Radiosurgery and Careful Monitoring Combo Recommended for Newly Diagnosed Brain Metastases
Radiosurgery and close monitoring is recommended to better preserve cognitive function in newly diagnosed brain metastases.
CHICAGO–Initial treatment with radiosurgery (SRS) and close monitoring is recommended to better preserve cognitive function in patients with newly diagnosed patients with one to three brain metastases who are eligible to receive SRS, data presented at the 2015 American Society of Clinical Oncology (ASCO) 2015 annual meeting has shown.
“In the United States alone, approximately 400,000 patients per year are diagnosed with brian metastases,” said Paul D. Brown, MD, principal investigator and radiation oncologist at the University of Texas MD Anderson Cancer Center in Houston, TX. “Radiosurgery is an effective treatment for brain mets; however, radiosurgery alone results in a high rate of development of new brain mets and a significant proportion have progression of the treated lesions.”
Despite a significant improvement in intracranial control with whole brain radiation therapy (WBRT), there is no improvement in survival and there are concerns over neurocognitive decline after WBRT.
For the phase 3 trial, researchers enrolled 213 patients with newly diagnosed brain metastases. Of those, 208 were randomly assigned to receive SRS alone or SRS plus WBRT. All patients underwent cognitive testing prior to and following treatment. “Dose of radiosurgery was determined by size of the lesions,” Dr. Brown added. “Baseline characteristics were well-distributed among both study arms.”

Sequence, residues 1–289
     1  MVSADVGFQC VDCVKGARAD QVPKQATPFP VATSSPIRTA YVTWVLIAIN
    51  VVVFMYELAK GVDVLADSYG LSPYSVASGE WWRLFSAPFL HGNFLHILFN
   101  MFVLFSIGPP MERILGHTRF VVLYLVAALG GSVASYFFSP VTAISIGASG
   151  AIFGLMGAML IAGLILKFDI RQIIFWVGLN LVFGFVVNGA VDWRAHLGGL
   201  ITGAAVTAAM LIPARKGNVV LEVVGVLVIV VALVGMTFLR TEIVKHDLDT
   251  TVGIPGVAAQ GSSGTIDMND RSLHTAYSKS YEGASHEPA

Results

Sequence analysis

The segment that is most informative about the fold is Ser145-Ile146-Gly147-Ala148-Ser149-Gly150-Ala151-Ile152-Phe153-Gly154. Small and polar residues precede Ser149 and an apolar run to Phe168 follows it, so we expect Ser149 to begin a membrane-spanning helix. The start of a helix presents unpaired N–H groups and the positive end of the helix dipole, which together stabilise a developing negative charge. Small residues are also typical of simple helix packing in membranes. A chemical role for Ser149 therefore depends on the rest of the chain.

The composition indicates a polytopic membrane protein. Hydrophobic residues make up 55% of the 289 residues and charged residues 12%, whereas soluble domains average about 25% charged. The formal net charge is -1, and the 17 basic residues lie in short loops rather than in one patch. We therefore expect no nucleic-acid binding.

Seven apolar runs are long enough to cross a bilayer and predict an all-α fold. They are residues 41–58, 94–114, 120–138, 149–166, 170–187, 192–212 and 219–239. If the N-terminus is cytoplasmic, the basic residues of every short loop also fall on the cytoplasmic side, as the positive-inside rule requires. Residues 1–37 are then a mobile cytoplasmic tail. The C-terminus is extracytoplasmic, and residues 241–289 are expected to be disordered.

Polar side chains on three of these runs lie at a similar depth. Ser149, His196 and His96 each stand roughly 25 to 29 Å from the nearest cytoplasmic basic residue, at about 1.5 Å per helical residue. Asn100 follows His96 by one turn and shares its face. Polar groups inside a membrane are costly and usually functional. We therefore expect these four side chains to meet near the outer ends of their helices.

Most patients' primary cancer was of the lung (68%) and the median age of patients was 60 years.
Results showed that cognitive progression at 3 months occurred in 91.7% of those who received SRS and WBRT compared with 63.5% with SRS alone (P=0.0007). Cognitive progression persisted at 6 months in 77.8% and 97.9% with SRS alone and SRS and WBRT, respectively (P=0.032).
Furthermore, the WBRT plus SRS group experienced more deterioration in immediate recall (30.4% vs. 8.2%; P=0.0043), delayed recall (51.1% vs. 19.7%; P=0.0009), and verbal fluency (18.6% vs. 1.9%; P=0.0098) than the SRS alone group.
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Researchers found no statistically significant difference in median overall survival between the two groups (7.4 months for WBRT and SRS vs. 10.4 months for SRS alone; HR=1.02; 95% CI: 0.75,1.38; P=0.92).
Ultimately, adjuvant WBRT improved brain control, had no impact on overall survival, and worsened overall quality of life and functional well-being.
Dr. Brown concluded, “For patients with newly diagnosed brain metastases that are amenable to SRS, we recommend initial treatment with SRS alone and close monitoring to better preserve cognitive function and quality of life.”
- Brown PD, Asher AL, Ballman KV, et al. NCCTG N0574 (Alliance): A phase III randomized trial of whole brain radiation therapy (WBRT) in addition to radiosurgery (SRS) in patients with 1 to 3 brain metastases. J Clin Oncol. 2015;33:(suppl; abstr LBA4).